Tougher new sanctions for dangerous riding, abuse and blood on the horse will apply from January 2020 in FEI eventing, if agreed by the FEI General Assembly in Moscow next month.

Eventing now has more field-of-play sanctions for horse abuse and dangerous riding than any other horse sport, including the troubled discipline of endurance, though this rationale partly results from the growing effort in cross-country risk-management.

The new Eventing Recorded Warning is clearly distinct from the yellow warning card and is aimed at making the rider more responsible for his own actions. Three new-style recorded warnings in a 24-month period will result in automatic two-month suspension.

Eventing sanctions had already been changed for 2019. The further revision was suggested by the FEI’s board and legal department, and supported by the FEI technical committee. It has met little opposition from national federations, apart from Germany who would prefer the “totting-up” period to span 12-months rather than 24, and sought more flexibility over the assessment of dangerous riding.

An Eventing Recorded Warning will be awarded for: continuing after three refusals, a fall, or any form of elimination; any other dangerous riding; not seeing a vet or a doctor after a fall; leaving the venue having failed to complete the cross-country without having the horse checked by the veterinary delegate; all cases of “minor blood” caused by the athlete. Ground juries may also apply a discretionary 25 extra penalties and/or elimination. “Pressing a tired horse” will incur the new recorded warning plus an obligatory 25 penalties, so that the rider does not obtain a qualifying score.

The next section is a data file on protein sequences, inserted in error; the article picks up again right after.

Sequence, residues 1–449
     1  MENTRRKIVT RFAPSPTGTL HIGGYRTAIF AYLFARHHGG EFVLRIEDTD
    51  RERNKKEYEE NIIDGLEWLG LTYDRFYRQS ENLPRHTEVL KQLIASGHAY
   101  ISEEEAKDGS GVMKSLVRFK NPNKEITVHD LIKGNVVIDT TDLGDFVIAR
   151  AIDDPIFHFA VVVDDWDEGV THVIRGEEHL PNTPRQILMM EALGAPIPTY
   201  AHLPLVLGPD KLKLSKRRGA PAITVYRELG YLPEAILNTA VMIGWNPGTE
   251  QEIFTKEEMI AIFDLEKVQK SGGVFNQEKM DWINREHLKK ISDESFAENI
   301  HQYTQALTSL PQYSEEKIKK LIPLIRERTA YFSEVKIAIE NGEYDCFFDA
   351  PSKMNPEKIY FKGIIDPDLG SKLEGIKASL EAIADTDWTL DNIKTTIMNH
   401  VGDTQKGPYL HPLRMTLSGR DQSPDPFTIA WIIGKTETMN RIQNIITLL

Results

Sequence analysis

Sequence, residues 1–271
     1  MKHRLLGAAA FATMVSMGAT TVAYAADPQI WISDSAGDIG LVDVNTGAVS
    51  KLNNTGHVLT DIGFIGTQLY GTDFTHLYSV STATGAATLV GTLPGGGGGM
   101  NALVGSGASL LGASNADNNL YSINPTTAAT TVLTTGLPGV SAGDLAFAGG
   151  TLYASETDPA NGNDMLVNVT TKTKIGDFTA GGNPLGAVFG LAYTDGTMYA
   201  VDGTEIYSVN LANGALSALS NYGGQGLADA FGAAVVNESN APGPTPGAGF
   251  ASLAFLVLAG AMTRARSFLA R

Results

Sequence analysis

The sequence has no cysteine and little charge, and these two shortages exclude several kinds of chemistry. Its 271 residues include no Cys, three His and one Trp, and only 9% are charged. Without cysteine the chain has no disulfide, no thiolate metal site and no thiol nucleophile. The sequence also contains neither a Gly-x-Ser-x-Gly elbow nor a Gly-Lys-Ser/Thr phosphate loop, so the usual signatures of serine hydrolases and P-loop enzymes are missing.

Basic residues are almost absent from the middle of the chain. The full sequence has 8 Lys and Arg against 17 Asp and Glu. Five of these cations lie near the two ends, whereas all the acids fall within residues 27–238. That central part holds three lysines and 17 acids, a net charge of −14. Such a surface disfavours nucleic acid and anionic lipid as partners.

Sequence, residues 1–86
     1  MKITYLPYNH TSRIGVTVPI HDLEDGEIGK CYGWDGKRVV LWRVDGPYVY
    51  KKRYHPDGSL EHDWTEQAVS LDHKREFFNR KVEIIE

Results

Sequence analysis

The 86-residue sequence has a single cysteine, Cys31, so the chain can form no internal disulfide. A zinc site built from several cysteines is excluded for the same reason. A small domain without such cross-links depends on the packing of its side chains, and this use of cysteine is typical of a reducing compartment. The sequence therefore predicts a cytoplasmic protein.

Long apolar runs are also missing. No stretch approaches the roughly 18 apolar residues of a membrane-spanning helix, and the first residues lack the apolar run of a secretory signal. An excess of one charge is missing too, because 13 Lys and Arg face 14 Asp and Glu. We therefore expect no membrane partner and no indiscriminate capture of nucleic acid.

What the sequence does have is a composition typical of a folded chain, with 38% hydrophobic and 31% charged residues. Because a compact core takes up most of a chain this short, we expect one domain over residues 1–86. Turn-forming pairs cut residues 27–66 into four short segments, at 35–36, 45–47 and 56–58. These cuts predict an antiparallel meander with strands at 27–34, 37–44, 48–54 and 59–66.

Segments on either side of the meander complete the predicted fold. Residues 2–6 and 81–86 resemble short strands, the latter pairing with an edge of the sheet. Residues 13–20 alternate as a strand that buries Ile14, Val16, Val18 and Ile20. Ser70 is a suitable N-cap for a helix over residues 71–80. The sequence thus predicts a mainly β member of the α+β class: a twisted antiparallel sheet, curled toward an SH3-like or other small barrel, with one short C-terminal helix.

Riders prevented from starting the cross-country due to the concerns about their ability or control must also receive the Eventing Recorded Warning.

Offences still punishable by yellow card come in line with other FEI disciplines. Two yellow cards in 12 months for ANY offence (previously the same offence) will now result in a two-month automatic suspension rather than the four-months briefly applied to FEI eventing only.

Pressing a “tired” horse is already considered as abuse and now joins the definitions of dangerous riding. The FEI is has produced producing a video for officials showing the differences, in its view, between tiredness and exhaustion.

These major changes for 2020 was published the same week social media debated the riding of British eventing rider Jack Pinkney on his 5* debut at Pau, querying why officials had not stopped him after his reins broke at fence 11. He coped until fence 27 when the shorter left rein was pulled out of his hand, losing control and causing Raphael IV to attempt to jump a 10-foot stockade-type perimeter fence. Pinkney was given an official warning, as set out under current FEI rules, having presented himself to the ground jury after attending to his horse.

A video has gone viral – the compilation shows the aftermath before the incident itself:

Pinkney, 27, has apologised on his Facebook page, explaining that he continued because his adrenalin was up and he had not wanted to let people down: “I was so angry with myself and if I had to live this moment again I would pull up to preserve my boy of any risks.”

New rule proposals for eventing and all other FEI sports can be found here.